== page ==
Step 3 – Lock in a regular publishing rhythm
To build a blog of authority it needs to have some consistency.
Consistency comes in many forms, from branding, to imagery, to quality standards… But perhaps the most obvious form of consistency is the publishing rhythm you set.
How often do you want to publish content on your blog?
Once a month? Once a week? Or more?
I don’t care how often you post, but pick something and stick to it.
Not only do your readers get used to your publishing rhythm, but potential contributors see it as a sign of quality. The more structure you have in your processes (from the outside at least), the more professional you look and the more attractive it is to experts.
These days regular content isn’t a necessity. In fact if you were to only publish one extremely resourceful, high quality blog post every month… This would be a better approach than pumping out 1 or 2 below-average, short blog posts every week.
With the amount of content available online rapidly growing every year, you need to do something to stand out. Short 500-word snippets of nothingness won’t make the cut.
So pick a publishing schedule that works for you and your team and stick to it.
I recommend using CoSchedule for managing your editorial calendar and locking in a consistent rhythm. Here it is in action:
Step 4 – Focus on what expert contributors want
Ok so you’re starting to build some nice momentum…
You’ve got a mix of internal contributors and paid experts writing for your blog on a regular publishing schedule.
Before you can start outreaching to guest contributors (who will give you expert-quality content for free) you need to understand what it is they want.
This is just like any value exchange in business, it needs to be a win-win.
If you have followed steps 1-3 you have started to accrue many of the things expert contributors are looking for.
They want exposure, brand awareness, traffic, leads… Plus they want a warm fuzzy feeling inside that they are actually getting noticed – that comes in the form of engagement.
That means that when you are eventually talking to experts about contributing to your blog, you need some social proof to take with you.
Things like average social shares and comments on blog posts will help show off your engagement levels. Email subscriber numbers and social followings will show off the reach of your brand, and the TYPE of people who have contributed in the past will build your credibility.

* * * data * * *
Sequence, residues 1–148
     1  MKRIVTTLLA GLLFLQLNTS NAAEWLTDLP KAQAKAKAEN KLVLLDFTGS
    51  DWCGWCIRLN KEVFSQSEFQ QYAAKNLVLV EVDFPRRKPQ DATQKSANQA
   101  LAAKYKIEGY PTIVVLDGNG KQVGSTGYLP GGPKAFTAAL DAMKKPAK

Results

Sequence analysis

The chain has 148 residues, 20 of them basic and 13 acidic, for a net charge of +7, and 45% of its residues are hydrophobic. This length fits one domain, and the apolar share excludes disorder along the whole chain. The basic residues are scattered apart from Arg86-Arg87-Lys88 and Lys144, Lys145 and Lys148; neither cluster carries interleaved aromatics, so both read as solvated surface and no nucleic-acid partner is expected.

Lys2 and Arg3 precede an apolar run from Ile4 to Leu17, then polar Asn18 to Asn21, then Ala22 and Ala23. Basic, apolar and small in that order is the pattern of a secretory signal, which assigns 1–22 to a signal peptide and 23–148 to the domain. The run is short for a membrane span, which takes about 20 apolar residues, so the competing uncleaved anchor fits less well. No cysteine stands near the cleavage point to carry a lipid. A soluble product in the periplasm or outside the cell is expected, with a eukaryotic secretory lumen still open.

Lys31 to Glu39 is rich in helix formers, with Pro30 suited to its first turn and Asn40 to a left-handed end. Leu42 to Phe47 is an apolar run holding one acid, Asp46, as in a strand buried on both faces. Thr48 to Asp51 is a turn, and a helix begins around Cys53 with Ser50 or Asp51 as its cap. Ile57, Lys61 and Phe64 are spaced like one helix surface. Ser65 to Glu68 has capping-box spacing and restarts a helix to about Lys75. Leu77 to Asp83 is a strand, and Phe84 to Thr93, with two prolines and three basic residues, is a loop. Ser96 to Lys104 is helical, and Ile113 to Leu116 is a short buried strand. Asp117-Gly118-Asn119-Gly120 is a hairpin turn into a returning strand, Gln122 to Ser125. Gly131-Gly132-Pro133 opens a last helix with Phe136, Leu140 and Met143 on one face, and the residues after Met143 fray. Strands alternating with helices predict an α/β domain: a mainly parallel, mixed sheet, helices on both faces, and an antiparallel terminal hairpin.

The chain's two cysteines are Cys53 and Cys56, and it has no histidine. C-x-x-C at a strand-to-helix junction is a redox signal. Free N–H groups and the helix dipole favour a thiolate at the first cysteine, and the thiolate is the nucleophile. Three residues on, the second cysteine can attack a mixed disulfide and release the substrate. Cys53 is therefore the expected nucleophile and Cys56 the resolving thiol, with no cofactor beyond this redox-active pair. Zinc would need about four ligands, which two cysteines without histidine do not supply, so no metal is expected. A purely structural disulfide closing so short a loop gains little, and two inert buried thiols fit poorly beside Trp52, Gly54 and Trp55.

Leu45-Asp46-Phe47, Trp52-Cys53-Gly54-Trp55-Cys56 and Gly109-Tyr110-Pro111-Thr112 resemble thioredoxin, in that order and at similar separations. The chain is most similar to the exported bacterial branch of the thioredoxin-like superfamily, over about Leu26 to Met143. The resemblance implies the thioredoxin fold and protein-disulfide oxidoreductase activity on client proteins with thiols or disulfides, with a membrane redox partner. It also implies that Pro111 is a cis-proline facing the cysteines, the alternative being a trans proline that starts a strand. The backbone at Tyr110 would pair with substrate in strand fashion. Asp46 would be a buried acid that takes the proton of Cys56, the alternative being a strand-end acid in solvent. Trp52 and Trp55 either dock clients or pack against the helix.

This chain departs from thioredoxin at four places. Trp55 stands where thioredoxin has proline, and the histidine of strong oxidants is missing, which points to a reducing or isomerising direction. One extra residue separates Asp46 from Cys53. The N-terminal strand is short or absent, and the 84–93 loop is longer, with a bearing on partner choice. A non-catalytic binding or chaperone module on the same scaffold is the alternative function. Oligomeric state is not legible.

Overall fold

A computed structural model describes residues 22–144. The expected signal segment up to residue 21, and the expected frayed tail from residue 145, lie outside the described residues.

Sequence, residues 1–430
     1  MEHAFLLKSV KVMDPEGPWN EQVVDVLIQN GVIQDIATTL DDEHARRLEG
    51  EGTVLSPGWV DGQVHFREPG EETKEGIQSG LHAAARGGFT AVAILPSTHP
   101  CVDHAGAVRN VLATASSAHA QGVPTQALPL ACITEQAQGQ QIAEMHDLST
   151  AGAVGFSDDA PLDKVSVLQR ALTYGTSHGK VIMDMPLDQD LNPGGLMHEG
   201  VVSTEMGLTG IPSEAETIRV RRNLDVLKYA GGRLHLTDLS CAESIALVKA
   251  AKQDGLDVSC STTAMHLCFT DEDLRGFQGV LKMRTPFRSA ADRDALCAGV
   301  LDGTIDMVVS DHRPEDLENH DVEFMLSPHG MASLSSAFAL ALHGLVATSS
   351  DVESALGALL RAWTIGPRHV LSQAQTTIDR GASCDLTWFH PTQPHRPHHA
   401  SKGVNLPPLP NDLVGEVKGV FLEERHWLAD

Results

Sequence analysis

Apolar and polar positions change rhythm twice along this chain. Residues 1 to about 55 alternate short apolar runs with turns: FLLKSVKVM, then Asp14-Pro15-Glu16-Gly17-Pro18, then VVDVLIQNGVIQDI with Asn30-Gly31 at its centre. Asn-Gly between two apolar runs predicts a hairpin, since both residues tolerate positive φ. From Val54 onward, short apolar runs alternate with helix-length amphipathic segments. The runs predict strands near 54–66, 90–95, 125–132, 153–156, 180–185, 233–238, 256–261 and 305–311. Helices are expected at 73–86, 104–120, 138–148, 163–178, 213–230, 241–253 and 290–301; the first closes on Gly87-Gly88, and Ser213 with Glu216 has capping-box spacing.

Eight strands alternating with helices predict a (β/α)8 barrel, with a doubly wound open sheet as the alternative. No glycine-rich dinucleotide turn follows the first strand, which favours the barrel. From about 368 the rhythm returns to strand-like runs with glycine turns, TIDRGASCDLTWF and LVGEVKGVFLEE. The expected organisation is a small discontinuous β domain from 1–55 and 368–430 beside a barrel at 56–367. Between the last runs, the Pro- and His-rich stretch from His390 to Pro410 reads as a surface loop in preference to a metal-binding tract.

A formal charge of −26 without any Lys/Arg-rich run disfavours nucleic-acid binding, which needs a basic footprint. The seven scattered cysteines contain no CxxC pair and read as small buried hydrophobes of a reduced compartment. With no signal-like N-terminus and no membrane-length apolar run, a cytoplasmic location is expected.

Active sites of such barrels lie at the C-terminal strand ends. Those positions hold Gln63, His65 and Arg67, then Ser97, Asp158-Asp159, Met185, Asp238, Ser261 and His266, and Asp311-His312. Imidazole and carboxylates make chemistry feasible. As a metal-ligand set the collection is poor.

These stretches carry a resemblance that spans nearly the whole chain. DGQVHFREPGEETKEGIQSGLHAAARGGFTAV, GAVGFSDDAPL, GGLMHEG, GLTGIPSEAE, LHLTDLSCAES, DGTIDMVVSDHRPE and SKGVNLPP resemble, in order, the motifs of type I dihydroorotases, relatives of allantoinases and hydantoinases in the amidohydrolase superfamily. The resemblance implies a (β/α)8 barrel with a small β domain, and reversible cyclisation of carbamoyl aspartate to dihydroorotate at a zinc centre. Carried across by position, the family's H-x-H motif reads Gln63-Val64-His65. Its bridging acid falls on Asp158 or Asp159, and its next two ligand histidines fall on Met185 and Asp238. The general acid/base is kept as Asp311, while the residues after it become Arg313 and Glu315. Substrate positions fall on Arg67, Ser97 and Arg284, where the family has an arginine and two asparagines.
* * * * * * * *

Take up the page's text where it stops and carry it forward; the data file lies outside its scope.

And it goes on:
And so does this:
All of these things are going to help you more effectively outreach to expert contributors in the future, hence why you need to focus on them from day one.
Step 5 – Systemise everything
The final piece of the puzzle before you start to look for potential contributors is to get your house in order.
As well as social proof, you need collateral when you are persuading experts to write for you.
Here is a quick fire list of some of the things you will need;
- Writing guidelines
- A strict “guest blogging” process
- Promotional responsibilities for contributors
- Expected publication dates
Let me elaborate on each of these…
Your writing guidelines should either be available on your website, or in a document. And they should break down EXACTLY what it takes to contribute a successful blog to your audience.
How many words should it be? Should they include images? What style of writing is required?
Everything that will help them be successful needs to be in your writing guidelines. Remember, this is a partnership they are “winning” too. So you want to set them up for success.
Here is a snippet of what the writing guidelines look like for one of my clients in the marketing sector:
On top of your writing guidelines you need a strict process for accepting contributions from guest authors.
For example, how many edits will there be? How long will it take? Who is involved?
The more information you can communicate to your expert contributors the better… Again this will build professional credibility into the process.
You also want to set some expectations for what an author should do to promote their blog post once it is live on your site.
You are giving them “exposure, brand awareness, traffic, leads…” and they are giving you “high quality content + access to their audience”.
Before you start reaching out to contributors, be prepared with “promotional collateral” such as pre-crafted tweets, email swipe copy and other easy-to-use ways for them to promote the blog post once it is live. You will be asking them to be accountable for this in the outreach process.